Physically, adolescents with eating disorders form a spectrum, from the extremely thin to the extremely heavy, as the drawing above illustrates. Between the extremes are various types of physiques. Along the spectrum, adolescents with disordered eating behaviors have underlying problems interfering with normal nourishment; they use food inappropriately.
Anorexia nervosa, commonly referred to simply as anorexia, is one type of eating disorder and a psychological disorder. A person with anorexia often initially begins dieting to lose weight. The individual continues the endless cycle of restrictive eating, often accompanied by other behaviors such as excessive exercising or the overuse of diet pills, diuretics, laxatives, and/or enemas in order to reduce body weight, often to a point close to starvation in order to feel a sense of control over his or her body. This cycle becomes an obsession and, in this way, is similar to any type of addiction.
Causes of anorexia
Approximately 95% of those affected by anorexia are female, but males can develop the disorder as well. While anorexia typically begins to manifest itself during early adolescence, it is also seen in young children and adults.Research within the medical and psychological fields continues to explore possible causes as:- genetic component may determin a person's susceptibility to anorexia. Researchers are currently attempting to identify the particular gene or genes that might affect a person's tendency to develop this disorder. Hypothalamic factor (which regulates certain metabolic processes) contributing to the development of anorexia. Imbalances in neurotransmitter (brain chemicals involves in signaling and regulatory processes) levels in the brain may occur in people suffering from anorexia. Feeding problems as an infant, a general history of undereating, and maternal depressive symptoms tend to be risk factors for developing anorexia. Personal characteristics that can predispose an individual to the development of anorexia include a high level of negative feelings and perfectionism.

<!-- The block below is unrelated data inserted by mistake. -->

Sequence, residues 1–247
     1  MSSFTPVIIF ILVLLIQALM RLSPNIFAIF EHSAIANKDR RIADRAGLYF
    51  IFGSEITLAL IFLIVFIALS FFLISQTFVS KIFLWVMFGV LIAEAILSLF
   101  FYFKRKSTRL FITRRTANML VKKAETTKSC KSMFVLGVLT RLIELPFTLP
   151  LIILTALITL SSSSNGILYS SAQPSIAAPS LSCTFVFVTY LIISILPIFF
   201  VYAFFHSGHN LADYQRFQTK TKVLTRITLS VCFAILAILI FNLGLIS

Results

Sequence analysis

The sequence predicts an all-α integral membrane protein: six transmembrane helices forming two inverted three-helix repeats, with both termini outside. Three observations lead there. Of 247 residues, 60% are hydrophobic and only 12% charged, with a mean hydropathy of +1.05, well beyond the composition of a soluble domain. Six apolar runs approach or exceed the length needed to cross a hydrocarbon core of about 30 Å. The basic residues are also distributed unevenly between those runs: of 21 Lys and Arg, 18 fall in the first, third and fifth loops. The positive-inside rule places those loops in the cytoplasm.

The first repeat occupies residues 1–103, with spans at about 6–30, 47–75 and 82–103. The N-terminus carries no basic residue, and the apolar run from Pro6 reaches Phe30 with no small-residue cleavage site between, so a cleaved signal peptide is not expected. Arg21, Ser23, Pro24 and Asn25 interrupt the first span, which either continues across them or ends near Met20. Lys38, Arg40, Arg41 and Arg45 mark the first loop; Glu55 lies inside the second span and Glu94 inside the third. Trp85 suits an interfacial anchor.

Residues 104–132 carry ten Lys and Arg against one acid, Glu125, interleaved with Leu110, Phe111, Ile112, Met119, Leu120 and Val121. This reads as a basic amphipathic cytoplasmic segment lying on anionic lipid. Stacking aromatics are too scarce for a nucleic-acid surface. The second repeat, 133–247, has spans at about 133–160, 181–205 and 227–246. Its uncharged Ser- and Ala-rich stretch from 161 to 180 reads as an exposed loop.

There are four basic criteria for the diagnosis of anorexia nervosa that are characteristic: 1. The refusal to maintain body weight at or above a minimally normal
weight for age and height. Maintaining a body weight less than 85% of the expected weight. 2. An intense fear of gaining weight or becoming fat, even though the person is underweight.
Self-perception that is grossly distorted, excessive emphasis on body
weight in self-assessment, and weight loss that is either minimized or not acknowledged completely.
In women who have already begun their menstrual cycle, at least
three consecutive periods are missed (amenorrhea), or menstrual periods occur only after a hormone is administered
Psychological and behavioral Anorexia can have dangerous psychological and behavioral effects on all aspects of an individual's life and can affect other family members as well.
The individual can become seriously underweight, which can lead to The individual can become irritable and easily upset and have Sleep can become disrupted and lead to fatigue during the day. Attention and concentration can decrease. Most individuals become obsessed with food and thoughts of food. They may exhibit other obsessions and/or compulsions related to
depression and social withdrawal. 2.
3. 4. 5. 6.
difficulty interacting with others.
food, weight, or body shape that meet the diagnostic criteria for an obsessive compulsive disorder.
Affective (mood) disorders, anxiety disorders, and personality
disorders. Physical Most of the medical complications of anorexia nervosa result from starvation. Few organs are spared the progressive deterioration brought about by anorexia.